MAX HATTLER has performed live visuals across Europe & the US, including Tate Britain, the ICA and the Animation Show. His abstract political short film "Collision" won several prizes, including the LUX Award for Best Experimental Film. Dazed and Confused, a pop-culture zine published in the United Kingdom, described him as one of “three of the world’s most exciting young animators”, next to PES and Model Robot. While his films tend to be without dialogue, they explore the relationship between sound, music & the moving image.

see interview here

Friday, August 8, 2008

A conversation with Ugochukwu Bright Eke

11 August, 2008, from 7.30 pm, at Alice Yard

Alice Yard presents its first international artist-in-residence: Ugochukwu Bright Eke from Nigeria. He is a winner of the Commonwealth Foundation’s Arts and Craft Award for 2007, and has chosen to use his award grant to visit and work in Trinidad.

On Monday 11 August, 2008, at 7.30 pm, Eke will discuss his process for developing works and programmes stimulated by his experiences in Trinidad and Tobago. Merging conversation and installation, the evening's event will draw on and explain his interests in the environment, community, and performance.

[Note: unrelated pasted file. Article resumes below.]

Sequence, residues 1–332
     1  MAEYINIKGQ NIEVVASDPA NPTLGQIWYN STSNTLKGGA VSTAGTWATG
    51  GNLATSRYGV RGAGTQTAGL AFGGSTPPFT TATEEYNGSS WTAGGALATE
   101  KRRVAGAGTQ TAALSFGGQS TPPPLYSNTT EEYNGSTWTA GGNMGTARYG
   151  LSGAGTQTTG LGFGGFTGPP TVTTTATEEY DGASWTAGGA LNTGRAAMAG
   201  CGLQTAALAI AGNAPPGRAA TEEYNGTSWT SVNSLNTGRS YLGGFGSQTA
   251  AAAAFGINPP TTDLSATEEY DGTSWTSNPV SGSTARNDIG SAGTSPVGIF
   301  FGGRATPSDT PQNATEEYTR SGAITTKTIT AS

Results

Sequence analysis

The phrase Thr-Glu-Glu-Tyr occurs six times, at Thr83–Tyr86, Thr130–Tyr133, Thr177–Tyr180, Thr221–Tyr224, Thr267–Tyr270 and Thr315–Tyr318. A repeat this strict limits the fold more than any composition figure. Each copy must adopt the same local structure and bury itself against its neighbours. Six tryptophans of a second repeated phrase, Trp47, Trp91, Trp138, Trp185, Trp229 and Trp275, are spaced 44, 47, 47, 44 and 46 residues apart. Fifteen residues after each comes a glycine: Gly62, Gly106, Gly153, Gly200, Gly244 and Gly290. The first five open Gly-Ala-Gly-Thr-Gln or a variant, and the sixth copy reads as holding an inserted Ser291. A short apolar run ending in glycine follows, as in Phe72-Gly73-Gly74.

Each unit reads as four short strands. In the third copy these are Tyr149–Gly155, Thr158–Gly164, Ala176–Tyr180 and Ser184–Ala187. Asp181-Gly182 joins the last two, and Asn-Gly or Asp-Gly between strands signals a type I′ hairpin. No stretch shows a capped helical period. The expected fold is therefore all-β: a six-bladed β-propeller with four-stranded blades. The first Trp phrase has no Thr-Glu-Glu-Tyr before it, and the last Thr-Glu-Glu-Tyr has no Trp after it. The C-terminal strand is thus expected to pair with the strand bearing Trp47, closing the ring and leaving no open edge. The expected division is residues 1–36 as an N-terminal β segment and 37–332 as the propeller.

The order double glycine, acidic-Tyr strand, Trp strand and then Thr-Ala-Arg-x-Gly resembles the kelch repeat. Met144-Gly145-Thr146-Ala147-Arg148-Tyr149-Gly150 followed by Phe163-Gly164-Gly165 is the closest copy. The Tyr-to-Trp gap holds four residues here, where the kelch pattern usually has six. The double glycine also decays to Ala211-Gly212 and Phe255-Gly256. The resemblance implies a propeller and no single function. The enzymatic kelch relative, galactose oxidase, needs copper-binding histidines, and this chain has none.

For more information on Eke and his work, visit his blog:

Tuesday, May 6, 2008

"All in a night at Alice Yard"

By Mariel Brown

First published in Caribbean Beat, May/June 2008

It’s Friday night in Port of Spain. No doubt, as on any Friday night in any city around the world, people are getting ready to go out, to any one or combination of an assortment of bars, clubs, lounges and rum shops. I’m heading to Alice Yard for “Conversations in the Yard.” A place that doesn’t quite fit any of the aforementioned categories, in essence, Alice Yard is really no more than its name implies: a yard, a paved area in the back of an old house on Roberts Street, in Woodbrook, an old-fashioned, middle-class suburb of the city. And yet it’s become a regular Friday-night spot for a certain small crowd.